Heidi Shaffer, Published August 27 2010
Diversion expected to continue on current timeline
But if the schedule does get delayed, a key congressman in getting such projects approved assured local leaders Thursday that the project wouldn’t be derailed.
Rep. Jim Oberstar, D-Minn., chairman of the House Transportation and Infrastructure Committee, told a panel of local and state officials in Fargo that a project of this size and scale could get congressional approval on its own if it misses a deadline for inclusion in a Water Resource Development Act bill.
That was good news for some who worried that pushing back the timeline to finish studying the diversion could put the project years behind schedule.
“That’s relieving because we were always worried if we missed the water bill, then we were out,” Fargo City Commissioner Tim Mahoney, who also co-chairs the Metro Flood Study Work Group, said after the meeting.
“There’s not a magic day on the calendar where if we slide past that day this project is doomed for some number of years until another magic day comes around,” said Rep. Earl Pomeroy, D-N.D.
Oberstar stressed that he wants a U.S. Army Corps of Engineers chief’s report that is “bullet proof,” and Col. Michael Price, St. Paul district commander, promised to deliever such a document.
Price said the corps is on schedule to have its draft feasibility report ready for the House Public Works Committee to review on Oct. 13, and he expects to have the chief’s report by the end of the year, as previously planned.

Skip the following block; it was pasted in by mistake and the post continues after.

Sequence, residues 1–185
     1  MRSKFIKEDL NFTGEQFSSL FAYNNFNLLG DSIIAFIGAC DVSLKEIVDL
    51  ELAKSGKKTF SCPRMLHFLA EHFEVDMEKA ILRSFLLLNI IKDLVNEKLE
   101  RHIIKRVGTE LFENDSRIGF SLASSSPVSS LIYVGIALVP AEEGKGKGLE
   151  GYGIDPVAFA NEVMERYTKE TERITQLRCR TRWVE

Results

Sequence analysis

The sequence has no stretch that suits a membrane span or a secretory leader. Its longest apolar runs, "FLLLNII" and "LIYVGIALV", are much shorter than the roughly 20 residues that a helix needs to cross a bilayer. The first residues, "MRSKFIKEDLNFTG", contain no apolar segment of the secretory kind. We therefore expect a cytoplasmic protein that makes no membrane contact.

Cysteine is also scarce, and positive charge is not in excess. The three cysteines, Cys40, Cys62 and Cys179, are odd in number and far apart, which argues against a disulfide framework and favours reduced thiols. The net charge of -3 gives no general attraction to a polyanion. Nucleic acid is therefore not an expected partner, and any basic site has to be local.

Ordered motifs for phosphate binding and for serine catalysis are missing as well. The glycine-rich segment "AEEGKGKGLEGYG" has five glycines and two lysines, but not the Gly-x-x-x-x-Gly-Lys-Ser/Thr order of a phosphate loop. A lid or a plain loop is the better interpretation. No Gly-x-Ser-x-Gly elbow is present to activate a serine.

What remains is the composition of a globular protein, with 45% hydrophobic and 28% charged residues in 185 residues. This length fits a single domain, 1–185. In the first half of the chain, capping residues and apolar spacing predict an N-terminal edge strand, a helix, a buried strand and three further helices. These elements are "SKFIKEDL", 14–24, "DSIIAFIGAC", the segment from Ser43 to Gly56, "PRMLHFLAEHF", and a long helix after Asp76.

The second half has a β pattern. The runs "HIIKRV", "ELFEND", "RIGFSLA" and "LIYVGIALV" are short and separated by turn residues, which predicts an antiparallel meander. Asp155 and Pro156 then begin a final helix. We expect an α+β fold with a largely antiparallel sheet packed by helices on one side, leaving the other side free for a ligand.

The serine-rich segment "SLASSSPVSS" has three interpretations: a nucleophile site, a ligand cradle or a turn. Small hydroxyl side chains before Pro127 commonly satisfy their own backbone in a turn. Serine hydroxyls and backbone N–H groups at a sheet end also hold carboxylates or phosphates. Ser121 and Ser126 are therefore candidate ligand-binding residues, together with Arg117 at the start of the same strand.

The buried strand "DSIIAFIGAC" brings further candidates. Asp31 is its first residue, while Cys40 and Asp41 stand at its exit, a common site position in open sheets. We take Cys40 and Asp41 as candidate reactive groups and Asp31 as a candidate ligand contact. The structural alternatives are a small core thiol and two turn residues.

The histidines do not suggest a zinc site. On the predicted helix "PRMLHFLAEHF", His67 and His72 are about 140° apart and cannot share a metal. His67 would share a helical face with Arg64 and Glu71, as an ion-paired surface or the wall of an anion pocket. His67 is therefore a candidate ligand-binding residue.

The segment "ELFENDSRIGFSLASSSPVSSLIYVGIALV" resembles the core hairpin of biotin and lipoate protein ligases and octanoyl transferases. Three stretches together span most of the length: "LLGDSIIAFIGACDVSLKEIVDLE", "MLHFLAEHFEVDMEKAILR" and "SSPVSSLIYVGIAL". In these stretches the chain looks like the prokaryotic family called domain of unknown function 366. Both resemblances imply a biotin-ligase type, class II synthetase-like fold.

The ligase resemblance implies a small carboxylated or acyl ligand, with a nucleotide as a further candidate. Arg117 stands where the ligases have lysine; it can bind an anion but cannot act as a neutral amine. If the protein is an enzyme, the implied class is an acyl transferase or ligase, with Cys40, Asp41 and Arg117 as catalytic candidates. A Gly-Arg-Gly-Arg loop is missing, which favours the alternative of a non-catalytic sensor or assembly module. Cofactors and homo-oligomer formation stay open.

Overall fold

“We’re making good progress,” said Rep. Collin Peterson, D-Minn. “There’s bumps in the road, but we expected that. It’s actually going better than I thought it would.”
The corps announced last week that it is considering slowing down the project’s schedule in order to examine written opposition and technical information.
Local officials were told in a closed-door conference call last week that the corps would announce whether the timeline would be kept at Thursday’s meeting.
Aaron Snyder, the corps’ co-manager on the project, said they are still evaluating public comments and techinical data.
“I think we’re really in the same position we were in last week,” Snyder said Thursday. “There are some issues we need to work on and address, and then we’ll make a determination on the proper path forward.”
The corps received 370 comments during a public input period that ended Aug. 9. Many of the concerns address the diversion’s environmental and downstream impacts.
Mahoney said the Metro Flood Study Work Group will form a task force to address some of those concerns.
“We’re going to go downstream and try to smoke the peace pipe with those communities,” he said.
Readers can reach Forum reporter Heidi Shaffer at (701) 241-5511